Canada has not qualified for the Olympics since 2000. Vancouver lost the Grizzlies to Memphis in 2001. The Toronto Raptors, the nation's only NBA franchise, have reached the playoffs just three times since 2003.
Yet, on Thursday night, three Canadians were selected within the first 18 picks of the NBA draft. For the second straight draft, the first overall pick was a Canadian with UNLV's Anthony Bennett last year and Kansas guard/forward Andrew Wiggins this year, both going to the Cavaliers.
"It opens doors for all the youth and everyone in Canada," Wiggins says of the Canadian influx of NBA prospects. "It gives them hope, you know, because coming up when I was in Canada, I wasn't ranked or nothing. I wasn't known. I didn't have no offers or anything like that."
Wiggins was born in Toronto on Feb. 23, 1995. His mother, Marita Payne-Wiggins won silver medals in the 4x100 and 4x400 track relays for Canada at the 1984 Olympics in Los Angeles. His father, Mitchell Wiggins, is a former American NBA player. But Wiggins has only represented Canada in international competitions.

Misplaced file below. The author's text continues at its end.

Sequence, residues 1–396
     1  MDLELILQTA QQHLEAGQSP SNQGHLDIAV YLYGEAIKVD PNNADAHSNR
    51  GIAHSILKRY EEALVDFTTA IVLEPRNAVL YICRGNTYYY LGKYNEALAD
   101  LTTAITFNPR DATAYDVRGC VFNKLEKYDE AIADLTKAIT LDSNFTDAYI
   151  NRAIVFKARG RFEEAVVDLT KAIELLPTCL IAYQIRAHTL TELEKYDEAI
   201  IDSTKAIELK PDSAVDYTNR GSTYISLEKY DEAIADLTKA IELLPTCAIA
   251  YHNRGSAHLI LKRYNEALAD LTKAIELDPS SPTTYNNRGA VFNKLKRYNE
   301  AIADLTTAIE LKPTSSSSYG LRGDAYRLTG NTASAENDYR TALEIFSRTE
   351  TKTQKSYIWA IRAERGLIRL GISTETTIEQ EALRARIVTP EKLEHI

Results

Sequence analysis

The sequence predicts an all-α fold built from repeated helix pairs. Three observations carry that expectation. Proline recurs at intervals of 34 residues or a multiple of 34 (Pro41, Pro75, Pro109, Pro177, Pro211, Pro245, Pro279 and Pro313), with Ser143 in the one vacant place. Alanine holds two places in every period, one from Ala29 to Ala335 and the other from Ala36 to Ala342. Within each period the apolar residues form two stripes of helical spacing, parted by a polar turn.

He spent most of his childhood in Vaughan, Ontario, including two high school seasons at Vaughan Secondary School before transferring to Huntington Prep School in West Virginia. Wiggins played one year at Kansas before bouncing for the NBA.
"I just kept my head straight and kept working on my game and look where I am today," Wiggins says. "I just think it gives everyone in Canada hope that they can accomplish what I do because it's possible if they work hard.
Within an hour of Wiggins' selection, Nik Stauskas went No. 8 to the Sacramento Kings. Stauskas played two years at Michigan, coming into his own as a versatile guard. Stauskas started his freshman season as the fourth or fifth option for the Wolverines.
His coming-out party came during Michigan's run to the NCAA championship game in 2013. Stauskas dropped 22 points on six three-pointers in a 79-59 thrashing of Florida in the Elite Eight.
Stauskas made even larger strides in 2013-14. He added the ability to drive and dish into his repertoire, along with his deadly shooting touch. His 17.5 points and 3.3 assists per game propelled him to a Big Ten Conference Player of the Year Award.
Of course, Stauskas is the first Canadian to earn such an honor.